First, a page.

At the southernmost tip of South Carolina is Hilton Head with its tony shops, upscale restaurants, countless golf courses and its iconic Harbour Town Lighthouse in Sea Pines. Located just 45 miles north of Savannah, Ga., Hilton Head also boasts an active cultural community of fine art, music and theatrical venues, including Hilton Head Playhouse, Hilton Head Orchestra, Hilton Head Dance School and the Coastal Discovery Museum. The island resort is also known for its fabulous resorts, bed and breakfasts and beachfront villas equipped with private swimming pools and tennis courts.
When travelers think of Georgia, they first think of Atlanta and then probably Savannah. However, further south are The Golden Isles – named for the Spanish explorers who came here more than 400 years ago seeking gold and home to a string of four historic barrier islands: St. Simons Island, Sea Island, Little St. Simons Island and Jekyll Island. St. Simons exudes history with its St. Simons Lighthouse (a working lighthouse in operation since 1872) and has great beaches, especially East Beach by the old Coast Guard Station. Little St. Simons Island is a private island, accessible only by twice-daily boats from Hampton Point on St. Simons Island’s north end, while Sea Island is home to the world-famous resort, The Cloister. The southernmost of The Golden Isles, Jekyll Island is an unspoiled area with quiet beaches and was once an exclusive winter retreat for some of America’s wealthiest families, including the J.P. Morgans, Rockefellers and Pulitzers. Mainland Brunswick also offers a historic downtown with grand homes, antique shops and restaurants serving fresh shrimp.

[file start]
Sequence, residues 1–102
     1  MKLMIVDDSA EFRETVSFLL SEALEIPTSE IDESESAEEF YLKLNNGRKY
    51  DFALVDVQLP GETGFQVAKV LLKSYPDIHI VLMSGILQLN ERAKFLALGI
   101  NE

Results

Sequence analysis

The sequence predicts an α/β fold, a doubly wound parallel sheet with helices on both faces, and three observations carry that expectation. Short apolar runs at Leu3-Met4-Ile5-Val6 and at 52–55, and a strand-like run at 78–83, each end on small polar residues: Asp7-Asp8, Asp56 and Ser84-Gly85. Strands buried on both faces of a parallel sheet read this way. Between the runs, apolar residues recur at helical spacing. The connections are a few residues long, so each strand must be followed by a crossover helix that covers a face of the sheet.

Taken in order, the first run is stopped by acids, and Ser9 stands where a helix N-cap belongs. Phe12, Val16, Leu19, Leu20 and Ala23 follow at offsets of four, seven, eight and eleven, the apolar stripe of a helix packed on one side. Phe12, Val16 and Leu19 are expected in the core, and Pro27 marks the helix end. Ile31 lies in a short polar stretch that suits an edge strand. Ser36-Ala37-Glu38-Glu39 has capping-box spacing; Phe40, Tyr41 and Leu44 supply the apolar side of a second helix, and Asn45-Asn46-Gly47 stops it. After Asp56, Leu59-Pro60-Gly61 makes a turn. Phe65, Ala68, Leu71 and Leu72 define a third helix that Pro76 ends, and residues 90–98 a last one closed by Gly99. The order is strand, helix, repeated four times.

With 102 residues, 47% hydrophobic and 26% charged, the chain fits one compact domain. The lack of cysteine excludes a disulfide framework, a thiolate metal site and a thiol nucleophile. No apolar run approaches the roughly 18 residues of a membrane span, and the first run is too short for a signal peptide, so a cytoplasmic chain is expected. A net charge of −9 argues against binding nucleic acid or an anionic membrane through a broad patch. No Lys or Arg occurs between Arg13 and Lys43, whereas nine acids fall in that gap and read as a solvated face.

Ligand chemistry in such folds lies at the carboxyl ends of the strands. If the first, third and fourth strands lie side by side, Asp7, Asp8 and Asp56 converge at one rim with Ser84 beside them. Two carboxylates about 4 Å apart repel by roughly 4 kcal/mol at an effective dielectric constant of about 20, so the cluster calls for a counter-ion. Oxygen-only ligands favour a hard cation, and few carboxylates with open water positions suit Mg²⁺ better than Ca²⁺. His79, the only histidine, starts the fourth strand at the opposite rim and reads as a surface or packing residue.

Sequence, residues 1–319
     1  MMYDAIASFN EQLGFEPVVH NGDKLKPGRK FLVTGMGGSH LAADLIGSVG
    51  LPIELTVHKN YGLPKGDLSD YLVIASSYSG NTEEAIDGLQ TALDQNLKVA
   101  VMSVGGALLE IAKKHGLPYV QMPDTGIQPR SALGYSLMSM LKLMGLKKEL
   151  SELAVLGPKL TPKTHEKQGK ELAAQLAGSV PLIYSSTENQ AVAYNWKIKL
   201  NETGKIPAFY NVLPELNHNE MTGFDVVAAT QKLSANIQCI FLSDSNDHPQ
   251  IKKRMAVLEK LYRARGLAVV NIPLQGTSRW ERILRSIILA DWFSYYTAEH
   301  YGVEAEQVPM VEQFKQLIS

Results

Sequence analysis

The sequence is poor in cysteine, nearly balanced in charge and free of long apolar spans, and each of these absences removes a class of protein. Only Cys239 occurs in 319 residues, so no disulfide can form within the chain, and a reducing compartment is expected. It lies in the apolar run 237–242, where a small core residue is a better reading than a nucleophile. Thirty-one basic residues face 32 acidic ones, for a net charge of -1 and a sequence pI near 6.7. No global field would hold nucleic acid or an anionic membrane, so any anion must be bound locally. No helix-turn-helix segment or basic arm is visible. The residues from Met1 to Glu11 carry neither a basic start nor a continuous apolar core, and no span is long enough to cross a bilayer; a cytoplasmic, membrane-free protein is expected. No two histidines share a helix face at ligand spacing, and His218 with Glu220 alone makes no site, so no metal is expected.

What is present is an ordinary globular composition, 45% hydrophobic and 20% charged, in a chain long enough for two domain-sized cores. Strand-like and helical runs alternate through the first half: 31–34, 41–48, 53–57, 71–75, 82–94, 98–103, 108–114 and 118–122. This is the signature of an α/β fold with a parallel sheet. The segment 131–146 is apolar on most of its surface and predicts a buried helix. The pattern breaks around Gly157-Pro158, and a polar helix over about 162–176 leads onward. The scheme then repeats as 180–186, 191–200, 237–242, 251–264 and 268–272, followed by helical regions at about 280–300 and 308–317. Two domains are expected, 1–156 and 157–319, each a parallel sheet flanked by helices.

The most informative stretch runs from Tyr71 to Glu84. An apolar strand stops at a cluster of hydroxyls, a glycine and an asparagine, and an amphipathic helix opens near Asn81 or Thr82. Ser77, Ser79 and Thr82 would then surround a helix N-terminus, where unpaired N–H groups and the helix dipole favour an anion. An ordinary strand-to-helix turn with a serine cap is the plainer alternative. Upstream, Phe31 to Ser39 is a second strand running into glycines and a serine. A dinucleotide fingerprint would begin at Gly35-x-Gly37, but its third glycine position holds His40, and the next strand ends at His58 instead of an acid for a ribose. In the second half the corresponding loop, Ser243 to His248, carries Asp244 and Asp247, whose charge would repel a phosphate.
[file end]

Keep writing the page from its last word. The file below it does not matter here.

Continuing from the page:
Sure, you can head south to sexy Miami or popular Ft. Lauderdale, but if you’re looking to travel to lesser-populated areas of Florida, check out the Ponte Vedra-St. Augustine and St. Petersburg-Clearwater areas.
Tony Ponte Vedra Beach is considered Florida’s playground of classic resorts and spas and a golfer’s paradise, as the beach town serves as the headquarters of the PGA Tour and the ATP Tour international headquarters. Meanwhile, history buffs will relish time in St. Augustine, the oldest, continuously occupied European settlement in the continental United States with 144 blocks of historic houses. The city’s Spanish history includes Ponce de León’s search for the Fountain of Youth and Spanish explorer Pedro Menéndez de Avilés, who founded the city more than 400 years ago. Visit the fort Castillo de San Marcos, the nation’s oldest masonry fortress with Spanish soldier re-enactors firing cannons.
Family fun can be had at the Augustine Alligator Farm, home to over 2,500 alligators and crocodiles, or at St. Augustine’s three state parks. Just across the Bridge of Lions from St. Augustine are the unspoiled beaches of Anastasia Island.
On the Gulf of Mexico side, the St. Petersburg-Clearwater area boasts 35 miles of gorgeous beaches, bringing in more than a million visitors from other countries each year, making it an international playground. With about 361 days of sunshine a year, warm Gulf Coast waters and as the holder of The Guinness Book of Records for the most consecutive days of sunshine, it’s no wonder why the area is so popular nationally and internationally. Plus, the beaches are not only gorgeous, but they also are clean – 13 area beaches have received the Blue Wave Award for environmental beach certification given by the Clean Beaches Council.